JEFFERSON CITY — Missouri Gov. Jay Nixon hopes to have extended benefit checks in the mail to unemployed Missourians in a few days. The bill to extend benefits reached Nixon's desk Wednesday after Senate Republicans compromised on sending back some of the state's federal stimulus money.
"I called on members of the Missouri Senate to roll up their sleeves and pass this legislation that will provide 20 weeks of additional unemployment assistance to Missourians who have lost their jobs because of no fault of their own," Nixon said.
Nixon signed the unemployment extension benefits into law, which will take effect immediately. Recipients of those benefits will be contacted by the Missouri Department of Labor and receive their benefits in the next several days.
Sponsor of the House bill, Rep. Barney Fischer, R-Richards,called the bill's passage a bipartisan effort.
"Thousand of Missourians can breathe a little easier today and continue to put food on the table and pay their bills," he said.
The legislation will provide $105 million in federal stimulus to the 10,000 Missourians who have already exhausted other unemployment benefits, including emergency federal benefits. The extended benefits continue until Jan. 7, 2012, when they expire. Nixon said to be eligible for the benefits, people must keep looking for work, make contact with vocational employers and check in with state career centers.
An amendment to cut the state-funded benefit extensions from 26 to 20 weeks was included in the bill as part of the compromise, which lawmakers said will save the state up to $108 million. They said businesses will save by not having to pay into unemployment trust funds when they reduce the time frame for eligibility.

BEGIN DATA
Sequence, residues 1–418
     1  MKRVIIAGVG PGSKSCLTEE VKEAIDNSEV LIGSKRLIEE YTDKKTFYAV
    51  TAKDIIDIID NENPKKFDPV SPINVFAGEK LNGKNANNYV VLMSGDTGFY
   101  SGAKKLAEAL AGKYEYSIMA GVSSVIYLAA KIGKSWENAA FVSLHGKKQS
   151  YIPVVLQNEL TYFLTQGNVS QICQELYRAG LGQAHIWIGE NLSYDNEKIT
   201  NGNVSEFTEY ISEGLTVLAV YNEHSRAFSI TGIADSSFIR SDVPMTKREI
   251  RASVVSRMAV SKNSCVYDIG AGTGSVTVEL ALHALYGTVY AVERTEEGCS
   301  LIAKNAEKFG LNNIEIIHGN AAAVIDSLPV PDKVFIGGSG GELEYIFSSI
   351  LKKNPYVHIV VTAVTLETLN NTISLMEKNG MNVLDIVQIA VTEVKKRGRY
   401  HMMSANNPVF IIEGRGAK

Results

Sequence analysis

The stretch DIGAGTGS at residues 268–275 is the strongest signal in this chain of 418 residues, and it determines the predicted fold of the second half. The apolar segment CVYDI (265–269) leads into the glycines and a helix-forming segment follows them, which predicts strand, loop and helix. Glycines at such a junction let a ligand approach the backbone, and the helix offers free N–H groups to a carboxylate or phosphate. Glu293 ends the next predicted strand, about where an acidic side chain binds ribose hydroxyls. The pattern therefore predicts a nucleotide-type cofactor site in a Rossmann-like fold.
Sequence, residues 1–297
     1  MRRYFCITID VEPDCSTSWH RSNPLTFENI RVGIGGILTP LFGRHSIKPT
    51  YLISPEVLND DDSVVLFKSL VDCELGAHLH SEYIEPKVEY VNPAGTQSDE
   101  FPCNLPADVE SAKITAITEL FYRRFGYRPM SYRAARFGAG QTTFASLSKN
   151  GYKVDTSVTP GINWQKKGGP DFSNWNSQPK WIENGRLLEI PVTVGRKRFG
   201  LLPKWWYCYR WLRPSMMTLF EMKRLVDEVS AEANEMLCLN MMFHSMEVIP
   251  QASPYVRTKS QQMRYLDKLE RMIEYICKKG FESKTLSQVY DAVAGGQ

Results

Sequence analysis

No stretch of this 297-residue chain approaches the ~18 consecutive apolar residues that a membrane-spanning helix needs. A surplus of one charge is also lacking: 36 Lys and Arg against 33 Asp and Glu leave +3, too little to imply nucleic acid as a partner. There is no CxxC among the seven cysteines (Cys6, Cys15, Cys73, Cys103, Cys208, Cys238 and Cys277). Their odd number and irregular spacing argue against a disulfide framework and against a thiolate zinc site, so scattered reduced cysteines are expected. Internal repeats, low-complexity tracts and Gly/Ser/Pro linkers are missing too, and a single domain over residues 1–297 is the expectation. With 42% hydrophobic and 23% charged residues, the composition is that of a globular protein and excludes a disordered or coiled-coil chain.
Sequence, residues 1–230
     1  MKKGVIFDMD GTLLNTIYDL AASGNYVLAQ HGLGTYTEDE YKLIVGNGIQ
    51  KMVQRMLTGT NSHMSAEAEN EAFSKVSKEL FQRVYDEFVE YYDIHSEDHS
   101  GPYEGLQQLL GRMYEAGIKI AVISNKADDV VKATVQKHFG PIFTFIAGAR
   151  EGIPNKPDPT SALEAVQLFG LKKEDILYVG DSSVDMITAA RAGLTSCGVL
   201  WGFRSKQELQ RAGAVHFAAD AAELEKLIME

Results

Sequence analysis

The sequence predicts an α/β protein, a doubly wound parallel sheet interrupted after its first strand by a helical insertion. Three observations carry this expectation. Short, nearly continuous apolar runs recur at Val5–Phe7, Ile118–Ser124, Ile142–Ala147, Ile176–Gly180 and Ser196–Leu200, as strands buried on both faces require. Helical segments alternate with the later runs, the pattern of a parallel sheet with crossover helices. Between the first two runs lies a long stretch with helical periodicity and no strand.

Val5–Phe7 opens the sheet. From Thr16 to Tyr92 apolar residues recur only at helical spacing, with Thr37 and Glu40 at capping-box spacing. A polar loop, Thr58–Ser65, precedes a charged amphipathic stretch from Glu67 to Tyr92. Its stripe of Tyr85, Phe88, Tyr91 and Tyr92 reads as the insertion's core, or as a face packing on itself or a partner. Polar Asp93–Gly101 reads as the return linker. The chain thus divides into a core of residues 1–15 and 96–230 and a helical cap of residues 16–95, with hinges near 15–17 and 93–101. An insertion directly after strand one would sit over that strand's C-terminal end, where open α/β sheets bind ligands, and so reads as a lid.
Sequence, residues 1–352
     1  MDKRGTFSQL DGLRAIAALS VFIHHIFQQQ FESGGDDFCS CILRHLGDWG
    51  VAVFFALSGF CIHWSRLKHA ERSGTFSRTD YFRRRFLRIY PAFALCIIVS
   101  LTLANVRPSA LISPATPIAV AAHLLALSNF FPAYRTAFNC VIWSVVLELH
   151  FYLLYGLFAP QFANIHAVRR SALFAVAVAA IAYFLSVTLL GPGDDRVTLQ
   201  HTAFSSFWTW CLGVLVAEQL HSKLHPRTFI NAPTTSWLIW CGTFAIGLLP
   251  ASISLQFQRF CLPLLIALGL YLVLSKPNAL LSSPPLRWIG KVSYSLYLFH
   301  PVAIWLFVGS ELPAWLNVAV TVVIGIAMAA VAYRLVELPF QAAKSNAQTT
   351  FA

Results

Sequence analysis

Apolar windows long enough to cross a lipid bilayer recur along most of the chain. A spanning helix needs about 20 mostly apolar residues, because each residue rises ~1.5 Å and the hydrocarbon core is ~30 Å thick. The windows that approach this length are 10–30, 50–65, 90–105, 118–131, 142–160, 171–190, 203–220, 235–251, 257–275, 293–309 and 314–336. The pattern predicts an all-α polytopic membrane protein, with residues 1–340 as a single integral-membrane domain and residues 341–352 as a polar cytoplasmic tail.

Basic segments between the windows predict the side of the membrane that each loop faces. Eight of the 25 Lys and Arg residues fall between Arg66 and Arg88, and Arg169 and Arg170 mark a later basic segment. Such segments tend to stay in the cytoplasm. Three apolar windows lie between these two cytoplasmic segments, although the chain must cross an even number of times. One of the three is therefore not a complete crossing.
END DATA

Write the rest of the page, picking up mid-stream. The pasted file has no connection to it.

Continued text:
Unemployment benefits ended on April 2, and a vote to approve the extension had been halted by a filibuster in the Senate. On April 6, Sen. Jim Lembke, R-Lemay, said he was not trying to punish unemployed Missourians but wanted to send a message to the federal government to stop overspending.
"I think it is important not only for Missouri, I think it is important for all states, to stand up and say to the federal government, 'We are not willing to be accomplices in your overspending and you piling debt on this nation and on this generation and the next,'" Lembke said.
Senate GOP and Senate leaders compromised to end the filibuster, agreeing to send $250 million in federal stimulus money back to the federal government. The House sent the legislation to the governor's desk on a 138-13 vote on April 7. Currently, the Missouri unemployment fund is $1 billion in debt to the federal government, according to Robert Mayer, R-Dexter, the Senate president pro tem.
Nixon said a March jobs report showed that Missouri added 24,300 jobs that month and the unemployment rate fell 0.3 percent.